Aron Baynes attempted a grand total of six three-pointers over his first five years in the NBA.
When he first ventured beyond the arc in 2017-18 — during his debut campaign with the Boston Celtics — Baynes’ newfound stretch seemed more like a novelty than a development that could significantly alter the course of his career. He took just 21 triples, but 13 of them came from the corners — a spot at which more and more players experimented with the long ball as the league’s emphasis on space reached a new zenith.
The evolution that initially pushed Baynes and other non-shooters like him to the perimeter is ongoing. Thirteen teams are taking at least 35 percent of their shots from deep, up from nine last season, while the number of teams with a three-point rate above 30 percent has jumped from 23 to 27, per Cleaning the Glass.
The NBA’s three-point revolution, obviously, is still in its heyday. But more frequently and easily identified with that reality is a player like James Harden — an annual MVP-worthy candidate — whose three-point rate has risen to a ridiculous 57.2 percent. Or, take Andrew Wiggins, who has revitalized his career by launching 6.7 triples per game – a number that would have ranked among the league’s the top-10 as recently as 2015-16, but currently sits outside its top-20.
Still, it would be foolish to overlook the influence of role players that continue pushing their personal boundaries as long-range shooters, a group for which Baynes has become the poster boy.
Any chance that the three-ball would be a more complementary aspect of his game as opposed to a driving force behind it vanished last season. Baynes shot a solid 34.4 percent from three-point range, just below league average and nearly double his accuracy from the previous season. But his shot chart hinted at even further growth to come as 50 of Baynes’ 61 three-point tries were from above the break. He wasn’t just a stationary safety valve to make opponents pay for ignoring him in the corner — but a shooter with numbers indicated that needed to be guarded all over the floor.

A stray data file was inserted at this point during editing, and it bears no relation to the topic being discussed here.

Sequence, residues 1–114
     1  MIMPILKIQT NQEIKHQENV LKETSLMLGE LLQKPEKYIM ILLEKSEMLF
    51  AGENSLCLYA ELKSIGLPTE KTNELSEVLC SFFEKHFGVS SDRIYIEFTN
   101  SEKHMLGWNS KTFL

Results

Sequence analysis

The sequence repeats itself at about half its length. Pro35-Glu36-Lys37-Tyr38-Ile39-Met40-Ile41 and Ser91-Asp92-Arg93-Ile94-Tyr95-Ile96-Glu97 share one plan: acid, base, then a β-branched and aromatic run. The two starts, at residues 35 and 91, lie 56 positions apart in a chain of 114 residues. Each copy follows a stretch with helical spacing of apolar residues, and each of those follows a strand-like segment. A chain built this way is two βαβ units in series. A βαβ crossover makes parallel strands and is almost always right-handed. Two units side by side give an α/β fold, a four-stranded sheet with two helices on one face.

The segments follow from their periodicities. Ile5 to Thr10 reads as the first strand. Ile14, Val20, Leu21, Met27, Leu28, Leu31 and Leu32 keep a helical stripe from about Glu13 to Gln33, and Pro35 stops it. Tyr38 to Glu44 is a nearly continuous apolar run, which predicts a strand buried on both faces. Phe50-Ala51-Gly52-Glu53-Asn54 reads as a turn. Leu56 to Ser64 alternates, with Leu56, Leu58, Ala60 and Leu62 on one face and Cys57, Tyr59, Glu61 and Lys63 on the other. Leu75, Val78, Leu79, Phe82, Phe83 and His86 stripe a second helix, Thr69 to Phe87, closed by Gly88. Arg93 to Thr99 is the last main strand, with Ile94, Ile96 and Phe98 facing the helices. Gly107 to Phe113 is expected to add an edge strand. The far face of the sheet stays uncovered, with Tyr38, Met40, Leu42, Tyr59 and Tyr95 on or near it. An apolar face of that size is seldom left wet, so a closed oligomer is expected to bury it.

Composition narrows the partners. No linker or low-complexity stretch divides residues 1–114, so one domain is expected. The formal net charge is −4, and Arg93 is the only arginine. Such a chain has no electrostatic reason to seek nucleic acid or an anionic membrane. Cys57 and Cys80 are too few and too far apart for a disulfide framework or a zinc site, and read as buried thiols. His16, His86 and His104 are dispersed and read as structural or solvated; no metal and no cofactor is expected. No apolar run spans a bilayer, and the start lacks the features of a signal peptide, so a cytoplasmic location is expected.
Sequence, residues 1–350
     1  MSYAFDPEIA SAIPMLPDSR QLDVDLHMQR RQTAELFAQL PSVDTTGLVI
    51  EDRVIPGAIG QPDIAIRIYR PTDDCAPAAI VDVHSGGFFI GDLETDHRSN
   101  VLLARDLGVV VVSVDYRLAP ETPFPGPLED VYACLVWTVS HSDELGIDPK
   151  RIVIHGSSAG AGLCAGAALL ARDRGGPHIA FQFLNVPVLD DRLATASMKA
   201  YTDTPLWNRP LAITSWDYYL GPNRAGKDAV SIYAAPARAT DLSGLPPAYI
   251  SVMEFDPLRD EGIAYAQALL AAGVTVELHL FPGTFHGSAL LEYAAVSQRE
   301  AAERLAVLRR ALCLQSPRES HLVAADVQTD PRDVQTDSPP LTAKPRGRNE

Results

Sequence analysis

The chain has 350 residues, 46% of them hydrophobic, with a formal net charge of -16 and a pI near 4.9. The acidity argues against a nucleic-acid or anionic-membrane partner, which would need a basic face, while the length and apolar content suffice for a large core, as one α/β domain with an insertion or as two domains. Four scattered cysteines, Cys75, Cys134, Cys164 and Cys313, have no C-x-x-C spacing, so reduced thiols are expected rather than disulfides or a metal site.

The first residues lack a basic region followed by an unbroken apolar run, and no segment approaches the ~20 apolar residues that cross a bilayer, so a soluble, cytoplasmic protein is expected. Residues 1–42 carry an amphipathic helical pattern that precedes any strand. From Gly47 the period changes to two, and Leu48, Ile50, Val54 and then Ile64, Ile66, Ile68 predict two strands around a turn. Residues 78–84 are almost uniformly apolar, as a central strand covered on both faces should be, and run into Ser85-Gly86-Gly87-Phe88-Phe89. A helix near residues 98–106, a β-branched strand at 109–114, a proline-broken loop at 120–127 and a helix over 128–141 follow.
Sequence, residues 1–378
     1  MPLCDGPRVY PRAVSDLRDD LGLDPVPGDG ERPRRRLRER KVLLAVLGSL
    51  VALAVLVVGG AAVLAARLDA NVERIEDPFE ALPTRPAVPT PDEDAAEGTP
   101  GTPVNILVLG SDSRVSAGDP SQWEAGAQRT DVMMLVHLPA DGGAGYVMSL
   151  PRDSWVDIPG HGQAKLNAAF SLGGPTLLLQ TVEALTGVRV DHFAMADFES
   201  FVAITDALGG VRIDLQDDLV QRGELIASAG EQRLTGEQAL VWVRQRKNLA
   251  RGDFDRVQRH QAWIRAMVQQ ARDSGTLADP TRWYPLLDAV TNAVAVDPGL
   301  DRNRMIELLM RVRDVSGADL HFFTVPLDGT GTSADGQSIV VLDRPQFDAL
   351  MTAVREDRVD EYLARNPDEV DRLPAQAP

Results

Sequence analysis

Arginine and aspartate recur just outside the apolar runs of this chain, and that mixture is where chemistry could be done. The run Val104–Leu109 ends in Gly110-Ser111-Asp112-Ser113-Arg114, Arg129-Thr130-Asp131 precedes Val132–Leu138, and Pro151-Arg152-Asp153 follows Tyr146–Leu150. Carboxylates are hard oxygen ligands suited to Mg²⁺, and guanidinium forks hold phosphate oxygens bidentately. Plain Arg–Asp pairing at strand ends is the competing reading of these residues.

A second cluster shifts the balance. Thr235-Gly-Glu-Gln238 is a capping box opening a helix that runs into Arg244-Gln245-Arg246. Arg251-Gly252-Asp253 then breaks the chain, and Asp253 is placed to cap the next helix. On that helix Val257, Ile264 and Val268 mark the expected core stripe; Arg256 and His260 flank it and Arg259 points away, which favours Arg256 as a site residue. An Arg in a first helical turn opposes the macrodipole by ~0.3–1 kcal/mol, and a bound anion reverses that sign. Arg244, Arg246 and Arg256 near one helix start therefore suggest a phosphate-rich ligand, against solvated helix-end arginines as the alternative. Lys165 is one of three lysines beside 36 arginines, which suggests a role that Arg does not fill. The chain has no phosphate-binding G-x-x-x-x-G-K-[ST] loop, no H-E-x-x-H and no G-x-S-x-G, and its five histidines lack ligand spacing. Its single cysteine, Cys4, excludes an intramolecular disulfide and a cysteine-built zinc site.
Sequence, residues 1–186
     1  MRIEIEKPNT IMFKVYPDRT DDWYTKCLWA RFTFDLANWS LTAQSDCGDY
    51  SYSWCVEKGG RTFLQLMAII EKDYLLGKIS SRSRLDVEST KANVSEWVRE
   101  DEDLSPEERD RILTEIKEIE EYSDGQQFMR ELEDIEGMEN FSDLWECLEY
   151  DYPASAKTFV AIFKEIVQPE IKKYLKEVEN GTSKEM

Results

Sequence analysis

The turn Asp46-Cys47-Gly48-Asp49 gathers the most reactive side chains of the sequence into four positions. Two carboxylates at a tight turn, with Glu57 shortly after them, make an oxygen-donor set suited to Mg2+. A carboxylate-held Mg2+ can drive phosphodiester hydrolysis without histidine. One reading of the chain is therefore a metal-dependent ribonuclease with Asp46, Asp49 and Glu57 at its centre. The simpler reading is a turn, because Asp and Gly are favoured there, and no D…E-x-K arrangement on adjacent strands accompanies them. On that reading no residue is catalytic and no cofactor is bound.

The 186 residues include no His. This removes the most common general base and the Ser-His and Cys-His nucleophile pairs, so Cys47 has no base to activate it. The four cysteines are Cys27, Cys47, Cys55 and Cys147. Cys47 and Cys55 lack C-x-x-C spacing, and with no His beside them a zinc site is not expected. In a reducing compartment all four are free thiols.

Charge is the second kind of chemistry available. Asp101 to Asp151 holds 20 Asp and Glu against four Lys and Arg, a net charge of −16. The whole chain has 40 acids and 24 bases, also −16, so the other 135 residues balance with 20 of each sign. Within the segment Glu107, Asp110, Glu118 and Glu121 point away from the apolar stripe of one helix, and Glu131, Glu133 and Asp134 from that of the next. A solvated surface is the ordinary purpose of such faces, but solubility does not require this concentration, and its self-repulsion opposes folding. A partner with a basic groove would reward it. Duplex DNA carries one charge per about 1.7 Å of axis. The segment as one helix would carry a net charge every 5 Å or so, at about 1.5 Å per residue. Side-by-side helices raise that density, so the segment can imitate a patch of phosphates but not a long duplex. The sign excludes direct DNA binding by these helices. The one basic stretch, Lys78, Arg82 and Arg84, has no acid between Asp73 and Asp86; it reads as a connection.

Baynes’ red-hot start to 2019-20 has ensured that defenses must treat him with the respect he deserves, and the Phoenix Suns are taking full advantage.
It’s safe to say Baynes won’t shoot 46.8 percent on three-pointers all season long. Danny Green and Joe Harris were the only players in basketball to connect on even 45 percent of those attempts last season, and it’s not like Baynes has been shy getting them up, allowing for the possibility of a small sample size to artificially inflate his numbers. He’s launching 4.3 triples in only 23.8 minutes per game, hunting them with the vigor of a veteran frontcourt marksman.
Baynes doesn’t care where he is, how quickly he needs to set his feet or how much time is on the shot clock. Only three of his long-range efforts last season came as a defender was within six feet of him. Less than a month into 2019-20, Baynes has doubled that total, even taking three shots from deep when being closely defended, per NBA.com.